Two years ago the library’s Head of Public Services and the director of the English department’s expository writing program collaborated on a successful grant request to conduct a summer workshop for English faculty and librarians. During the summer of 2002, a four-day, interactive workshop was conducted to help faculty learn how to integrate information and technology into first-year composition courses (English 113). Nineteen English 113 faculty and five librarians participated in the workshop. The evaluations submitted by participants were overwhelmingly positive. A few of the many comments may be illuminating. "[The workshop] will make a profound difference in the way I teach every course." "[I] have already redesigned the first three weeks of my English 113." "This was time well spent. Thanks."

Each new faculty member participates in a week long Teaching Enhancement Workshop conducted by master teachers. All newly hired librarians participate in this program. Not only does this help new librarians become better teachers, but it introduces them to the culture of the institution and begins their relationship with classroom faculty.

Each new faculty member is invited to lunch in their first year (usually in the fall) in order to acquaint them with the library. This simple practice allows librarians to initiate a relationship with faculty early in their tenure at the college. The library has gained a large amount of good will, found new classes in which to collaborate, and improved collection development from these luncheons.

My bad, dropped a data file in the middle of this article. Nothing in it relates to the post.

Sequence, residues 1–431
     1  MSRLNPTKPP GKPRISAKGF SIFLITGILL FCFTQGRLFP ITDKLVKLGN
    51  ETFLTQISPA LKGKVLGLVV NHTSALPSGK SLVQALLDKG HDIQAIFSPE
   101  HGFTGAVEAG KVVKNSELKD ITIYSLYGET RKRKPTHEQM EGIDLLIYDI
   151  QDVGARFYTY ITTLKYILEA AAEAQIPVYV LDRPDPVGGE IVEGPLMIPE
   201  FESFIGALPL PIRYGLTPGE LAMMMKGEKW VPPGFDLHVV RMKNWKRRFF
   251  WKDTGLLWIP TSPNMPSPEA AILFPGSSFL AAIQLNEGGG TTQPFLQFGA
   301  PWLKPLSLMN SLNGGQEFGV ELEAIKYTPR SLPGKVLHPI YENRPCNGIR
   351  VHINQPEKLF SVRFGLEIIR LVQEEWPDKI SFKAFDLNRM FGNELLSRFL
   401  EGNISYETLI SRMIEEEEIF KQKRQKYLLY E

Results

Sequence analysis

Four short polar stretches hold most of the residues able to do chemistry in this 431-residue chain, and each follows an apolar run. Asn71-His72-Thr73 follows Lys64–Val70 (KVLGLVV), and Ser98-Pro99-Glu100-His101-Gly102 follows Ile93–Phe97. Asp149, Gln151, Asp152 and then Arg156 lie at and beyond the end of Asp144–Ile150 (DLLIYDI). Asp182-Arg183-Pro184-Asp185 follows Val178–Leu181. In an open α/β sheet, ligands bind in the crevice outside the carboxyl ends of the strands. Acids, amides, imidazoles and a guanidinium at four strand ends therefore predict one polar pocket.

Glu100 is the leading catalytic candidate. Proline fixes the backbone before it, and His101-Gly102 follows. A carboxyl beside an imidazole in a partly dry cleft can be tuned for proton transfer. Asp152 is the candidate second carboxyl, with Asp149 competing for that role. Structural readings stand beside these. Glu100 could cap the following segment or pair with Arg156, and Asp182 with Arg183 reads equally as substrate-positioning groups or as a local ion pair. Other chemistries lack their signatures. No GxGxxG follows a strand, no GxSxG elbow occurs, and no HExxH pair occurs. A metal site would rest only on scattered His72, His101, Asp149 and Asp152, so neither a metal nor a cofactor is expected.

Two years ago Kelly Jacobsma, the library’s Head of Public Services, enlisted the assistance of Scott Vanderstoep and the Carl Frost Center for Social Science Research to survey students about their use of and attitudes toward the library. Last spring the library used the LibQual™ instrument to measure users’ perceptions of library service. The results of these surveys were helpful and gratifying and the comments were revealing. The respondents indicated a desire for more computers in the library, better understanding of the services available, and more access to materials. As a result of these surveys the library staff has made changes to improve delivery of service to students. More public service computers have been made available and access to materials has been expanded by adding additional databases. A proxy server on the library’s new integrated system permits students living in housing without direct network connection to have easy access to library databases. The library has made a concerted effort to inform students of the many services available in the library using a variety of sources including the student newspaper, college and library websites, and e-mail as well as traditional means such as tours and during instruction sessions.

  • The new program in organic chemistry has resulted in improved papers by Chemistry students.
  • Faculty report improvement in the papers of students in First Year Seminar following instruction sessions with a librarian.
  • English 113 faculty see marked improvement in papers after library instruction sessions.
  • Faculty frequently comment that their students show obvious improvement in library research after a session from a librarian.

Senior Exit Surveys

The most recent senior exit survey conducted by the college's Frost Research Center noted that 79 percent of the 2002 graduates believe their library research skills had improved during their four years at Hope (up from 73% from the last survey two years ago). Of those, nearly 29 percent believe their library research skills showed significant improvement.